To use StringTokenizer, you specify an input string and a string that contains delimiters. Delimiters are characters that separate tokens. Each character in the delimiters string is considered a valid delimiter—for example, ",;:" sets the delimiters to a comma, semicolon, and colon. The default set of delimiters consists of the whitespace characters: space, tab, newline, and carriage return.

The StringTokenizer constructors are shown here:

StringTokenizer(String str) 
StringTokenizer(String str, String delimiters) 
StringTokenizer(String str, String delimiters, boolean delimAsToken)

In all versions, str is the string that will be tokenized. In the first version, the default delimiters are used. In the second and third versions, delimiters is a string that specifies the delimiters. In the third version, if delimAsToken is true, then the delimiters are also returned as tokens when the string is parsed. Otherwise, the delimiters are not returned. 

Delimiters are not returned as tokens by the first two forms. Once you have created a StringTokenizer object, the nextToken( ) method is used to extract consecutive tokens. The hasMoreTokens( ) method returns true while there are more tokens to be extracted. Since StringTokenizer implements Enumeration, the hasMoreElements( ) and nextElement( ) methods are also implemented, and they act the same as hasMoreTokens( ) and nextToken( ), respectively.

Here is an example that creates a StringTokenizer to parse "key=value" pairs. Consecutive sets of "key=value" pairs are separated by a semicolon.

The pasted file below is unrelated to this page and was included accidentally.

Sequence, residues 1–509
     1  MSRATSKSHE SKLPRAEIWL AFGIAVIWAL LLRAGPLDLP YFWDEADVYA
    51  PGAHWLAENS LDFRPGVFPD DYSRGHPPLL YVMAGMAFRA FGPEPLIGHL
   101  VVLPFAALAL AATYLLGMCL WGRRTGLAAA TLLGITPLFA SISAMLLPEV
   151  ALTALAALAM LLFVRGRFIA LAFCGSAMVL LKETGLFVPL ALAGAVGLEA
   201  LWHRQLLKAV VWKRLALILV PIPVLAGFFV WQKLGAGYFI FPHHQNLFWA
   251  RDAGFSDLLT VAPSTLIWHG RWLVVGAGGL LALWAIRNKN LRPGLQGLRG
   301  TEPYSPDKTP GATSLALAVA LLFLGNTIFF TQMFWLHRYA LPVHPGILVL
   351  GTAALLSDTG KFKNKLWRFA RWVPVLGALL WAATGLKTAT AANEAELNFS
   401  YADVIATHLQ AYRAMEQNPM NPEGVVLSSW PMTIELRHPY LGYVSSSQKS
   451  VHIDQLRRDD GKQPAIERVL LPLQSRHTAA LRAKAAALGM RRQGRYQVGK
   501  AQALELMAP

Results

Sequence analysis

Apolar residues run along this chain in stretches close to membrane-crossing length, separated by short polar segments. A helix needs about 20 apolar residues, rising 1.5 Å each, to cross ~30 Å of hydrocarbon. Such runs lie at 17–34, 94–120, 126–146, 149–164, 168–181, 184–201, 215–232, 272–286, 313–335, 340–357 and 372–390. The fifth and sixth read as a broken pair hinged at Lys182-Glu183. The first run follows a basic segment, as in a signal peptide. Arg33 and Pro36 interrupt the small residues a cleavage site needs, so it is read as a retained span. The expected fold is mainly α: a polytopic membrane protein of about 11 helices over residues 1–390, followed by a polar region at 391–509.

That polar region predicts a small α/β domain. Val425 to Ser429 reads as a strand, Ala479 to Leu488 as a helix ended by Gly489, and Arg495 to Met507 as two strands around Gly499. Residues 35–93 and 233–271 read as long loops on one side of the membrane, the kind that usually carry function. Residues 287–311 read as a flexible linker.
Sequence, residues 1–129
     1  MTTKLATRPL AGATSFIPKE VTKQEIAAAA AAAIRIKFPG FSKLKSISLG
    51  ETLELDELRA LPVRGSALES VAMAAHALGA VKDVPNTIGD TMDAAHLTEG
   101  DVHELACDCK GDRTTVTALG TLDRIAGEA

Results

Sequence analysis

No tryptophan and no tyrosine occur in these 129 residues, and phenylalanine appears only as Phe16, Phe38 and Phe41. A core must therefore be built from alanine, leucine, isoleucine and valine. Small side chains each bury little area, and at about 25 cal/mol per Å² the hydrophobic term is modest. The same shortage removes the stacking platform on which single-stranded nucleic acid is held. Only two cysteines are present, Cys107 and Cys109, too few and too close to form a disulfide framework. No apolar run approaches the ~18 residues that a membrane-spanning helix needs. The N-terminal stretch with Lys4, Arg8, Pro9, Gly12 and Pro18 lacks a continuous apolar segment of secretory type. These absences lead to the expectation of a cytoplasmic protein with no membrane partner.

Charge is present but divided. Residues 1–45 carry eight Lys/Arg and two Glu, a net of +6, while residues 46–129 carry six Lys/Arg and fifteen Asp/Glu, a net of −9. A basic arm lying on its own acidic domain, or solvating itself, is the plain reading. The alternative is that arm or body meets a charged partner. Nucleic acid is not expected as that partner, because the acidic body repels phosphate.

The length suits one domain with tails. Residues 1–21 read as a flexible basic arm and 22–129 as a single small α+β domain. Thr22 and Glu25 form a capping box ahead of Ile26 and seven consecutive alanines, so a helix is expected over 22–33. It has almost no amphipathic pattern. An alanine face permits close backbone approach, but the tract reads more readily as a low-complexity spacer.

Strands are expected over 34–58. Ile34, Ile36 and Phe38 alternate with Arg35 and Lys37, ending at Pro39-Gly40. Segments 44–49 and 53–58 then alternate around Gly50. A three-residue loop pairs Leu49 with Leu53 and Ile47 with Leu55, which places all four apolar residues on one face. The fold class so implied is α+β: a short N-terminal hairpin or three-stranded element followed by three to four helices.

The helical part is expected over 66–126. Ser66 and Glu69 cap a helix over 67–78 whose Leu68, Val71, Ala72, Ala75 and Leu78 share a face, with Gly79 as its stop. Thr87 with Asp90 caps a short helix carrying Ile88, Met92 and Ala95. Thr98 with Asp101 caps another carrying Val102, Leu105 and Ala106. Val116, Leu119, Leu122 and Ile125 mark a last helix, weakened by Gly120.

// Demonstrate StringTokenizer. 
import java.util.StringTokenizer; 
class STDemo { 
static String in = "title=Java-Samples;" + 
"author=Emiley J;" + 
"publisher=java-samples.com;" + 
public static void main(String args[]) { 
StringTokenizer st = new StringTokenizer(in, "=;"); 
while(st.hasMoreTokens()) { 
String key = st.nextToken(); 
String val = st.nextToken(); 
System.out.println(key + "\t" + val); 

The output from this program is shown here:

title Java-samples 
author Emiley J 
publisher java-samples.com 
copyright 2007

if delimiter is null, this constructor does not throw an exception. However, trying to invoke other methods on the resulting StringTokenizer may result in a NullPointerException.

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you really did your homework but better you give nice formatting to your examples. –  Smit Dec 14 '12 at 22:13
yeah thanks man :) But mostly google :P –  Amar Dec 14 '12 at 22:16
I think you forgot to mention about NullPointerException, Add this to your, it will help understand other people. –  Smit Dec 14 '12 at 22:19
@smit :You meant about the case when delimiter is null, right? If yes, then I have made the edit and added a Note at last. –  Amar Dec 14 '12 at 22:27
Now It seems to be complete answer, However take your time and format your answer lilbit. –  Smit Dec 14 '12 at 22:31

seems like an input file contains data in certain structure and the : is a delimiter, so it reads data token by token and assigns values to the variables with the further append to some result string